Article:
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Why Do Babies Arch Their Backs When Mad? It May Mean More Than You Think

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Holding your baby while they wiggle and squirm with general irritation is admittedly frustrating, but when they're so mad they start the dreaded back arch, all bets are off. They're screaming, you're upset, and it's one big power struggle. The answer to why babies arch their backs when mad is a multi-faceted one, pediatricians say.

"There aren't many things a baby can do by themselves at a young age, but they can muster up a forceful cry. Babies use the cry for communication and many go all out when making that statement," pediatrician Dr. Jarret Patton tells Romper. "They tend to use all of their muscles to get attention and a solution to their problem; back arching can be a part of the muscle recruitment that occurs."

Maybe your baby is at a point where they have figured out that they don't like their car seat. They've realized that once you put them in, they fall asleep, and they miss out on watching the world fly by out the window. Or, they realize that once in their seat they can't see you anymore. Either way, they don't like it and they're mad. Like, really mad. So they go all stiff like a surfboard and throw their head back with a vigorous arch any time you try to buckle them up. The struggle is real.

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Crying is how babies communicate their needs, but why the back arch? I reached out to pediatrician and parenting expert Dr. Jennifer Trachtenberg who explained that babies arch their back when mad "most often to get their needs met and can't communicate by talking — the physical movement of arching back, flailing arms shows they are upset, angry, tired, or hungry." Dr. Jen, who also serves as a SpokesDoctor for the American Academy of Pediatrics, also notes that this is not the case with every baby, and "there are medical reasons such a gas, reflux, colic, and rare but also neurologic issues like seizures, or Cerebral palsy."

Aside from frustrations that occur as a result of outside factors like being uncomfortable in a car seat or being held in a way they don't like, babies may be arching their back when mad about something happening inside of their body. Just like you might double over and hold your stomach when it hurts, your baby may arch their back when experiencing internal distress.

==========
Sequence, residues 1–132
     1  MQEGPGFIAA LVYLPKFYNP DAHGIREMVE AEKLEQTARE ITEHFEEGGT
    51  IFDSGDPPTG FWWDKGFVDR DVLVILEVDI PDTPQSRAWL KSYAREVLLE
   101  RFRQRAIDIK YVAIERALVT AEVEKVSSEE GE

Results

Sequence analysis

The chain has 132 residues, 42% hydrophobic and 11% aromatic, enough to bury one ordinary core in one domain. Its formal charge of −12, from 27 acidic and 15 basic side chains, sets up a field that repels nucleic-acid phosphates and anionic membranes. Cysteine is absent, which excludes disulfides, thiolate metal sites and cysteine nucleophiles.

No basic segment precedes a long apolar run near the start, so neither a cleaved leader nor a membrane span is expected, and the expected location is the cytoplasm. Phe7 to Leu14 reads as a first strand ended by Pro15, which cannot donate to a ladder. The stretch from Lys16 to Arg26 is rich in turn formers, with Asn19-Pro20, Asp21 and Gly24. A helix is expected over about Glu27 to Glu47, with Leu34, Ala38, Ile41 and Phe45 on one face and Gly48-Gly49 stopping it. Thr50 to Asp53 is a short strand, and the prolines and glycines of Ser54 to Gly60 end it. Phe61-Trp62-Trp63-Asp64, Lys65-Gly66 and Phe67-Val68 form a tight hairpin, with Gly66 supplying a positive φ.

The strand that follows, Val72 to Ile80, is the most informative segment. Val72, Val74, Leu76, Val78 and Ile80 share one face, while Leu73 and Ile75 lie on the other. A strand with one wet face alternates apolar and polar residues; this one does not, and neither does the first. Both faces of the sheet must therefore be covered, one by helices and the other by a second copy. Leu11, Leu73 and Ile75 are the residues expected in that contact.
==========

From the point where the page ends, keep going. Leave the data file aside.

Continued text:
"Back arching isn't always innocent," Dr. Jarret explains. "It could indicate a neurological problem or even a gastrointestinal problem like reflux. If your infant is arching when they are not crying, it is a good idea to make an appointment with your pediatrician. It is always helpful to bring in a video of the motion to aid in the diagnosis."

Having a video on-hand to show your pediatrician may help them see the back arching first-hand and provide clues as to whether this act is one of typical baby frustration and anger, or if it points to some deeper medical issue.

Dr. Jen recommends bringing your baby's back arching to your pediatrician's attention "if it's constant, they're not feeding well, very frequent arching with developmental delay, or anytime you have concerns."

Assuming that your baby is simply arching their back out of anger and everything medically checks out OK, Dr. Jarret suggests that parents can try to comfort their baby. "Swaddling or rocking is a great way to soothe the agitated infants," he tells Romper.

Additionally, Dr. Jen says that closeness and distraction can work wonders for an upset baby. "Often bring baby to a calm and quiet area, rock, cuddle, and hold baby close to you. If that doesn't help, distractions with music and/or a favorite toy just may do the trick," she tells Romper.

Experts:

Dr. Jennifer Trachtenberg, pediatrician and assistant clinical professor of pediatrics at The Icahn School of Medicine at Mount Sinai

Dr. Jarret Patton, pediatrician and author of Whose Bad @$$ Kids Are Those?